Today, we released another update to Deep Zoom Composer, and you can download it from the following location:
|Download Deep Zoom Composer|
Be sure to uninstall any earlier versions of Deep Zoom Composer before attempting to install our new version.
Most of the work in this release has been under the hood to fix bugs and usability issues, but we did add a few features that you may find cool to use!
Seadragon Ajax Support
One of the biggest changes we made was to revamp our Export UI and provide you with the option of exporting your composition as a Seadragon Ajax project:
New and Improved API
Something that we’ve mentioned in the past is that we want to make it easier for all of you to integrate Deep Zoom tiling functionality into your own applications. In the past, you only had access to the command-line tools SparseImageTool.exe and ImageTool.exe.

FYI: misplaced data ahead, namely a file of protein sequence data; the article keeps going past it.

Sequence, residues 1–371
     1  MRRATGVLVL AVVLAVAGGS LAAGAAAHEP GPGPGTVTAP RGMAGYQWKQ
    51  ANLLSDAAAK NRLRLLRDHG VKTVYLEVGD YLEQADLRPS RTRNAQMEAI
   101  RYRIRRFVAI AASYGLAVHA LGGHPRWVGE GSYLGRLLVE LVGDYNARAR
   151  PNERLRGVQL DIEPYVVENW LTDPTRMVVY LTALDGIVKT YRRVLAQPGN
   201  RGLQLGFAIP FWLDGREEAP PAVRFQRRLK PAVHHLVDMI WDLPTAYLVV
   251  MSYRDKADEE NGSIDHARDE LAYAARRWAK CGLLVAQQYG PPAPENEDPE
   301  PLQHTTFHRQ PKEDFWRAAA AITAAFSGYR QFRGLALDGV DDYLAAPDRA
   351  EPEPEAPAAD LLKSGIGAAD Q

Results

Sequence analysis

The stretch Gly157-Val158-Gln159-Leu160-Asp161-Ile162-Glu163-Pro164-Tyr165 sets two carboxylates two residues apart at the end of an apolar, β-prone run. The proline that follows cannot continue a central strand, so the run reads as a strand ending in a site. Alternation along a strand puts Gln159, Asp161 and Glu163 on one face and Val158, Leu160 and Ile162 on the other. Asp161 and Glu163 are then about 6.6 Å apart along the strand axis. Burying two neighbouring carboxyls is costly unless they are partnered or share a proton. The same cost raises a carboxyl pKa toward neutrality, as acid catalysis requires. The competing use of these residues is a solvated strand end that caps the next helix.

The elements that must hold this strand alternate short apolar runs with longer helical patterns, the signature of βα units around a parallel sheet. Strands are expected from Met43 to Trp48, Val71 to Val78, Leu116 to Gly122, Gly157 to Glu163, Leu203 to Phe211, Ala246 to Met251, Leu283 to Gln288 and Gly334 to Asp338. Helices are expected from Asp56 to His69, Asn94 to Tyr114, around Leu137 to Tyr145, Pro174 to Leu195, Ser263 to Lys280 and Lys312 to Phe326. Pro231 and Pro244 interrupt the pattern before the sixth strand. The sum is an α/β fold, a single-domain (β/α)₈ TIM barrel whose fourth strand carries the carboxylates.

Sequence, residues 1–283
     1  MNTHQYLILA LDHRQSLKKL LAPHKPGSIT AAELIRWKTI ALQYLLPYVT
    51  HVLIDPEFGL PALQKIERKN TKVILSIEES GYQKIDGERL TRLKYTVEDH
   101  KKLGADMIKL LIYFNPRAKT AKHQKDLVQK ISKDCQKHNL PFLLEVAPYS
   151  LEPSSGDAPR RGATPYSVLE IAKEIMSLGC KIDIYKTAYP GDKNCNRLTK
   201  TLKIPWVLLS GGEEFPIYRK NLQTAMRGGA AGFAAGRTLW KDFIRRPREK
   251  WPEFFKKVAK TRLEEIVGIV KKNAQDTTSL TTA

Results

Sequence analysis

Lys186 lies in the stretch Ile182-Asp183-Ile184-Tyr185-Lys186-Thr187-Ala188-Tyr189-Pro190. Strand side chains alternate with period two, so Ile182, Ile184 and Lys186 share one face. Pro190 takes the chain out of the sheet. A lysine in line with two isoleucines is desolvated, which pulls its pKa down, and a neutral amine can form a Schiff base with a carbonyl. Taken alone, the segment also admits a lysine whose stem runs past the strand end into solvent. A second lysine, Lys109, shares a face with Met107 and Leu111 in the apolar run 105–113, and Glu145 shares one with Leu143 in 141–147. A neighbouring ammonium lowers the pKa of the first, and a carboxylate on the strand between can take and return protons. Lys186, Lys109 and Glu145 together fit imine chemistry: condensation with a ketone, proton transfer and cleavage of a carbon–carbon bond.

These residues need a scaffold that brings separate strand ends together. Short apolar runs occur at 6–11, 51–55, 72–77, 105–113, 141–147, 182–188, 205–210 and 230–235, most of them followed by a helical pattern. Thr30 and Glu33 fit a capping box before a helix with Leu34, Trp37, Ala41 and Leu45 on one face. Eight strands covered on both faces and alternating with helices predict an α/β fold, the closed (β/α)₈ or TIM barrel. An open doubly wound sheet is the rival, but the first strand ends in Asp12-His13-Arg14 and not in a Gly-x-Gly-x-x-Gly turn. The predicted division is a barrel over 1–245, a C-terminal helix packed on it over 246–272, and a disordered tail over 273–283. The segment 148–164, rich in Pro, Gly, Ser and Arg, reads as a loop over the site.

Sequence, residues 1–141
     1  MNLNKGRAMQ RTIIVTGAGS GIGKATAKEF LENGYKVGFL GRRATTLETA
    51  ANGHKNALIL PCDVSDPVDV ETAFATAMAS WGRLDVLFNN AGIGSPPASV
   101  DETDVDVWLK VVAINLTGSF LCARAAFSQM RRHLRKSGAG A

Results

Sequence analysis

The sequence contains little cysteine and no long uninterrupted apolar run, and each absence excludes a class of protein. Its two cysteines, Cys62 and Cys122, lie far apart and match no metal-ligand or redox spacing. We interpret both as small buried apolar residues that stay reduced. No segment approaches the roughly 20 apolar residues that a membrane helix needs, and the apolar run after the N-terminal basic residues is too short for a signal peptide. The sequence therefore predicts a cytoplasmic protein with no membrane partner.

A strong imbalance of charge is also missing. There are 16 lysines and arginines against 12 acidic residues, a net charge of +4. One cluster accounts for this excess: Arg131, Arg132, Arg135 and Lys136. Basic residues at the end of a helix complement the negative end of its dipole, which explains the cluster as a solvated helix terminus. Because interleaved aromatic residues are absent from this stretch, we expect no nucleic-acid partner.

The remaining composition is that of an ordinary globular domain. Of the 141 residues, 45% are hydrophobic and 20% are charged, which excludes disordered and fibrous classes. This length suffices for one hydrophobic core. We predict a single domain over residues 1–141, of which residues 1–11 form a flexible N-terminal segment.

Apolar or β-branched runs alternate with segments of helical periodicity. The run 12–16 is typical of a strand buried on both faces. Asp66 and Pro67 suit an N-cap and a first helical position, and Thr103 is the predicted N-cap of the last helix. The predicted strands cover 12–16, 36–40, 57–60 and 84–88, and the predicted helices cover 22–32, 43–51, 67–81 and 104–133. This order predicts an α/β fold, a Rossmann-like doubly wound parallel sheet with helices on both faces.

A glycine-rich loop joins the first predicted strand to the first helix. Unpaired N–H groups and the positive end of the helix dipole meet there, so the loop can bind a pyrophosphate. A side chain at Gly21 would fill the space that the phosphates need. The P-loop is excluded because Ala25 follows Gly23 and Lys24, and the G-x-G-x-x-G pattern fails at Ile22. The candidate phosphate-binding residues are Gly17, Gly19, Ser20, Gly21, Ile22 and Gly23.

In this release, we are moving away from the command-line tools and moving to a .NET/managed DLL that you can more easily integrate into your applications. I will be sharing more details on this DLL in a future posting, but all of Deep Zoom Composer now uses this DLL for its internal treatment of tiled images. One nice benefit of this is that you get better reliability and performance when importing and exporting images!
Updated Project Templates
In the past, we really haven’t given our project templates much attention. We are changing that with this release with more useable templates for both Silverlight and Seadragon Ajax:
The revised templates contain bug fixes and usability issues that many of you have given us feedback on.
Numerous Bug Fixes
We deviated a bit from what we said last time that future releases will focus more on under-the-hood changes. The changes you see today are things that many of you had asked us about, so even though we are continuing to invest in stability and performance, do feel free to send us more suggestions. Some oft-asked features may find their way into a future version.
As always, each Deep Zoom Composer release is a collaborative effort from individual from across Microsoft. A large part of this release relied on the efforts of Dan Cory, Melinda Minch, Lutz Gerhard, Avi Dunn , and other colleagues in Live Labs!
Celso Gomes, Christian Schormann, Janete Perez, Kirupa Chinnathambi